Copyright © 2007 Dorling Kindersley
Animals use their senses to find out about the world around them. Most have the same five senses as humans, but some have extra senses, such as ECHOLOCATION.
Many animals have far sharper senses than humans. Sight is our most important sense, but birds such as falcons have much sharper vision. Some insects can detect ultraviolet light, which we cannot see. A bloodhound’s nose is many times more sensitive than a human’s. Bats, whales, and elephants can detect very high or low sounds that we cannot hear.
Some animals can see quite clearly at night even when there is no moon. The large eyes of nocturnal hunters, such as owls, are designed to make the most of very dim light. Many animals active at night also have extremely good senses of hearing and smell.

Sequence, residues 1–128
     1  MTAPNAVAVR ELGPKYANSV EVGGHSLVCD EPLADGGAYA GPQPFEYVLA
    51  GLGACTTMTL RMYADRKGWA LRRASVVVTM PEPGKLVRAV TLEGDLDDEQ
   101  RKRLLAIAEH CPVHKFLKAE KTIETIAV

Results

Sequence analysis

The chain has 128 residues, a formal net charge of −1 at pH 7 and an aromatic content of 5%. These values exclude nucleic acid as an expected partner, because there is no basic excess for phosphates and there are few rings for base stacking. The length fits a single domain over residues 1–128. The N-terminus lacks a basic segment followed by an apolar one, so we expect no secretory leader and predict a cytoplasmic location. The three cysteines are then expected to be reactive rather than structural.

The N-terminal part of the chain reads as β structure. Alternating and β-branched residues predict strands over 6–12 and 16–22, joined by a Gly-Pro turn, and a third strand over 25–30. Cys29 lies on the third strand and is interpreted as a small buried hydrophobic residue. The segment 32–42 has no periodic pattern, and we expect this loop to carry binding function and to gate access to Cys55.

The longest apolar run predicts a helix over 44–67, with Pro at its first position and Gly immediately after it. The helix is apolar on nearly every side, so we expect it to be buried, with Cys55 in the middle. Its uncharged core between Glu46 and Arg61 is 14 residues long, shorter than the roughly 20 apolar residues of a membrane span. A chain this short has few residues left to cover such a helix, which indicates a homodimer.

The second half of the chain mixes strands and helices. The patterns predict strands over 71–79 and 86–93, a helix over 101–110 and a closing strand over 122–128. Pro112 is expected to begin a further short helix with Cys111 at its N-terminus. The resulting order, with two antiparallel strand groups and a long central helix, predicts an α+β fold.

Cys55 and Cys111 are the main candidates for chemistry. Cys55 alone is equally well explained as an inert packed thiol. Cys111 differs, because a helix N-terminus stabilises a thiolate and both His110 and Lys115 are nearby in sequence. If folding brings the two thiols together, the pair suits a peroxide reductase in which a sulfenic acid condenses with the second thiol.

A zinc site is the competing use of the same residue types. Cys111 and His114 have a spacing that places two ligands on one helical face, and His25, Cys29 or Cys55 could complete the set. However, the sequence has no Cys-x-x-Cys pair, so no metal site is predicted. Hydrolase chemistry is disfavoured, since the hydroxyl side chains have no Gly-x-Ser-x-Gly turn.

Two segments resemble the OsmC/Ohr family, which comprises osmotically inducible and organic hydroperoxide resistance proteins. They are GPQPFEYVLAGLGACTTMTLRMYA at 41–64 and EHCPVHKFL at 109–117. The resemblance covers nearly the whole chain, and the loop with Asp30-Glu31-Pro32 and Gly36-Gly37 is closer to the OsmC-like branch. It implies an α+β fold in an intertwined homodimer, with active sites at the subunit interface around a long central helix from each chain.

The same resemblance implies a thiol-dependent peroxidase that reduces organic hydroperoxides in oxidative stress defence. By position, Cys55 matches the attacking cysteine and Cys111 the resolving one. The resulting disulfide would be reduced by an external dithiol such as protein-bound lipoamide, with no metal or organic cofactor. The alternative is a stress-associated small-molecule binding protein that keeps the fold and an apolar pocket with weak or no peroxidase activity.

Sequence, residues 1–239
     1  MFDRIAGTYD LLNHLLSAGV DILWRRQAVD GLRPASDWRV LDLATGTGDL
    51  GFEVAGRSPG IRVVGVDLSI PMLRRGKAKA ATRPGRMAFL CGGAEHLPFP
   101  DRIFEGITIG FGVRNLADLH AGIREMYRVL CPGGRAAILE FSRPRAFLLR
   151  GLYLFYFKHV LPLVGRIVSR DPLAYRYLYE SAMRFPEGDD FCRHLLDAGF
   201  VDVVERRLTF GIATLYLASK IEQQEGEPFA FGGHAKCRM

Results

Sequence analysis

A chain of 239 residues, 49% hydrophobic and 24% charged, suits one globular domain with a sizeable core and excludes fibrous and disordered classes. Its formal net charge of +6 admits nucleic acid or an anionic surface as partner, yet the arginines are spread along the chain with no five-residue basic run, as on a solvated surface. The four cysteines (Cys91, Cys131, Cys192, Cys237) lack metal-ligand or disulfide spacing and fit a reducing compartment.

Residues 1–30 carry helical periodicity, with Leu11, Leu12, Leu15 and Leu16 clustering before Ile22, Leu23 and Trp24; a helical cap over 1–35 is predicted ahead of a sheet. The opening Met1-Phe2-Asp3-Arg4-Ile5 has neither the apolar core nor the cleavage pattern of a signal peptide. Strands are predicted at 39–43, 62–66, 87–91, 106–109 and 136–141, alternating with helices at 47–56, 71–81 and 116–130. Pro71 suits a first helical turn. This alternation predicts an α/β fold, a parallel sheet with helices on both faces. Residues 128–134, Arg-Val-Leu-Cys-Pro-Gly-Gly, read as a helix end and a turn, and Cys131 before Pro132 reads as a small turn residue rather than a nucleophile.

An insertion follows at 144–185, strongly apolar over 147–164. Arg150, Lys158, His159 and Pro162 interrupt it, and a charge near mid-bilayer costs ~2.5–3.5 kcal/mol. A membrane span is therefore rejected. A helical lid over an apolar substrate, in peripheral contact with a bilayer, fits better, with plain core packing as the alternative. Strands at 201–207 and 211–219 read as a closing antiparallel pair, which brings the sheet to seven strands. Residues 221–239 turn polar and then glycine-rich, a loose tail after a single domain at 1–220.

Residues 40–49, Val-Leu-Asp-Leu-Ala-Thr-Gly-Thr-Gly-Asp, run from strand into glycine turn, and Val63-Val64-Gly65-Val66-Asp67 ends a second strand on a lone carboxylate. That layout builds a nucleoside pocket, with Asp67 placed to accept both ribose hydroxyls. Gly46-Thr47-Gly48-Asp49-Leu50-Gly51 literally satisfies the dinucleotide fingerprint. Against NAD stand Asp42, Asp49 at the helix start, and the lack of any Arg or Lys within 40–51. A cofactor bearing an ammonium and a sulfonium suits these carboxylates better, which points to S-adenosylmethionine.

Some aquatic animals, including sharks, can pick up tiny electrical signals given off by their prey. It is believed that many migratory animals can detect Earth’s magnetic field to help find their way.
Bats, whales, and dolphins, which hunt in darkness or murky water, make sounds, then listen for echoes to track their prey. The same technique helps them to navigate and avoid collisions with objects.
Hunting bats and dolphins make streams of clicking sounds, which spread out through the air or water. The sound vibrations bounce back off objects such as flying insects or shoaling fish. The hunter uses its sharp hearing to listen for the returning echoes. These allow it to pinpoint the whereabouts of its victims, so that it can home in on its prey.